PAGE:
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IRS Extends Hurricane Sandy Diesel Fuel Penalty Waiver to Dec. 7 for New Jersey and Parts of New York

IR-2012-94, Nov. 20, 2012

WASHINGTON — As part of the administration’s efforts to bring all available resources to bear to support state and local partners impacted by Hurricane Sandy, the Internal Revenue Service today extended until Dec. 7 the diesel fuel penalty waiver, due to expire today, for New Jersey and parts of New York.

The extension is based on an extended fuel waiver granted to these areas by the Environmental Protection Agency (EPA). The original waiver was put in place in response to shortages of clear diesel fuel caused by the hurricane.

As a result, the IRS will not impose a tax penalty when dyed diesel fuel is sold for use or used on the highway. This relief applies beginning Oct. 30, 2012, to the entire state of New Jersey and to the five boroughs of New York City and Nassau, Suffolk, Rockland and Westchester counties in New York State, and will remain in effect through Dec. 7, 2012.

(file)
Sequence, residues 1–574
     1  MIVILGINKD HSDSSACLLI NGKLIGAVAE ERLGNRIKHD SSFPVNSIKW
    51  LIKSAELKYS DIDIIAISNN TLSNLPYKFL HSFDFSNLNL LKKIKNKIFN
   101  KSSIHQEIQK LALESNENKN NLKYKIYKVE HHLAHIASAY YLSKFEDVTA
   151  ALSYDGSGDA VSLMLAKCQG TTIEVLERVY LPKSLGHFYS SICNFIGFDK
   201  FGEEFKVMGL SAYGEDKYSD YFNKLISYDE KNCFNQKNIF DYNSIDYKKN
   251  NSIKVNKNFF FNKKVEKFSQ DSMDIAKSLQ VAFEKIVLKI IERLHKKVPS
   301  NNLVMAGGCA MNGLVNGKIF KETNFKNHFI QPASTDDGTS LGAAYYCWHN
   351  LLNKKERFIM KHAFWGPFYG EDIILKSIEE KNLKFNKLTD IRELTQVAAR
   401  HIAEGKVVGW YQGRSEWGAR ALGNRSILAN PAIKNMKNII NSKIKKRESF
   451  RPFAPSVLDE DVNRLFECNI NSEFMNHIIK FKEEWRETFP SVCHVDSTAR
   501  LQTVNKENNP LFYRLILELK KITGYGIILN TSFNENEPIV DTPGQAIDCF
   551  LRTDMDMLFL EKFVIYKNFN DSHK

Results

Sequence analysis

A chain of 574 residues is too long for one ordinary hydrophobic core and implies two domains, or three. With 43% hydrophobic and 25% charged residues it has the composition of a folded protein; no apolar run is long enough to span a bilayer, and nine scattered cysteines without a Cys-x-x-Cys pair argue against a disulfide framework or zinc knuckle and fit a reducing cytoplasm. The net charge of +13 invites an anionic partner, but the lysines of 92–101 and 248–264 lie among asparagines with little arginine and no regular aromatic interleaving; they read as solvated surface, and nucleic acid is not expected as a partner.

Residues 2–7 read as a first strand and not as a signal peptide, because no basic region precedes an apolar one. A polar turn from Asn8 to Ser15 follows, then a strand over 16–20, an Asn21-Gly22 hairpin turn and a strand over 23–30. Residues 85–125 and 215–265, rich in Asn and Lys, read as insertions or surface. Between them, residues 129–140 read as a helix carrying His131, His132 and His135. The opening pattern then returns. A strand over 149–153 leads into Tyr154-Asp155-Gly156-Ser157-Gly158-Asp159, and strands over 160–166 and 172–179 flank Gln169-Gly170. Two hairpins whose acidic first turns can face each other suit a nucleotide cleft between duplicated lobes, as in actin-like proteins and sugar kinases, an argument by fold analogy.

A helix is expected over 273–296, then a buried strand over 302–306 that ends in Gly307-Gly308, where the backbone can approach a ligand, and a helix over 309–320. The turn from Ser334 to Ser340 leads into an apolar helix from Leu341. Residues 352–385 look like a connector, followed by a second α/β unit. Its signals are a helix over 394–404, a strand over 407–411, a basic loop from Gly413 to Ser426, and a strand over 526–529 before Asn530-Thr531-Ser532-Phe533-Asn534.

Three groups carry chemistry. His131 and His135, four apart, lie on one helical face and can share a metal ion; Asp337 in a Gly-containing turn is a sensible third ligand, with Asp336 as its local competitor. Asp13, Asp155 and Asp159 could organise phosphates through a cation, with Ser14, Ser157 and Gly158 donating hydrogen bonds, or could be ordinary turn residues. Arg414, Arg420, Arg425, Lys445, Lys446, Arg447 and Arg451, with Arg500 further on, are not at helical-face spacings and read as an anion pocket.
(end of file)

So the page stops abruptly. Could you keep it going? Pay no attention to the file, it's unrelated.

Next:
This relief is available to any person that sells or uses dyed fuel for highway use. In the case of the operator of the vehicle in which the dyed fuel is used, the relief is available only if the operator or the person selling the fuel pays the 24.4-cent-per-gallon tax that normally applies to diesel fuel for on-road use. The IRS will not impose penalties for failure to make semimonthly deposits of this tax. IRS Publication 510, Excise Taxes, has information on the proper method for reporting and paying the tax.

Ordinarily, dyed diesel fuel is not taxed, because it is sold for uses exempt from excise tax, such as to farmers for farming purposes, for home heating use and to local governments for buses.

Finally, the IRS will not impose the tax penalty on a failure to meet the requirements of EPA highway diesel fuel sulfur content regulations if EPA has waived those requirements.

The IRS is closely monitoring the situation and will provide additional relief as needed.

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Page Last Reviewed or Updated: 05-Nov-2013